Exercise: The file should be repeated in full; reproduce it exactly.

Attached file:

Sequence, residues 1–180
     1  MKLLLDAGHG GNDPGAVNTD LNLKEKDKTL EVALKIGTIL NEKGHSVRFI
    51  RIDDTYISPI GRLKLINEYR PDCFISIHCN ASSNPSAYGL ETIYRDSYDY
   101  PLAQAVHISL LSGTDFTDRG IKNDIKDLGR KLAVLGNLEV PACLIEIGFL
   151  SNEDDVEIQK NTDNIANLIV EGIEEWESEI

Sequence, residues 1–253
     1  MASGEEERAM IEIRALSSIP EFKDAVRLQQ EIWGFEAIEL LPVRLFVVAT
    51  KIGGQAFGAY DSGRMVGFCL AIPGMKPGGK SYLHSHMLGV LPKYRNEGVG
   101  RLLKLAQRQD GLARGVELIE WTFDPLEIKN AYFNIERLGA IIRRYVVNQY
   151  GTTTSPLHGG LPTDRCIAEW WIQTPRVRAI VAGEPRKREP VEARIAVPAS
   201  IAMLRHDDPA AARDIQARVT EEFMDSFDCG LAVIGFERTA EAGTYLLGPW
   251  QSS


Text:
Sequence, residues 1–180
     1  MKLLLDAGHG GNDPGAVNTD LNLKEKDKTL EVALKIGTIL NEKGHSVRFI
    51  RIDDTYISPI GRLKLINEYR PDCFISIHCN ASSNPSAYGL ETIYRDSYDY
   101  PLAQAVHISL LSGTDFTDRG IKNDIKDLGR KLAVLGNLEV PACLIEIGFL
   151  SNEDDVEIQK NTDNIANLIV EGIEEWESEI

Sequence, residues 1–253
     1  MASGEEERAM IEIRALSSIP EFKDAVRLQQ EIWGFEAIEL LPVRLFVVAT
    51  KIGGQAFGAY DSGRMVGFCL AIPGMKPGGK SYLHSHMLGV LPKYRNEGVG
   101  RLLKLAQRQD GLARGVELIE WTFDPLEIKN AYFNIERLGA IIRRYVVNQY
   151  GTTTSPLHGG LPTDRCIAEW WIQTPRVRAI VAGEPRKREP VEARIAVPAS
   201  IAMLRHDDPA AARDIQARVT EEFMDSFDCG LAVIGFERTA EAGTYLLGPW
   251  QSS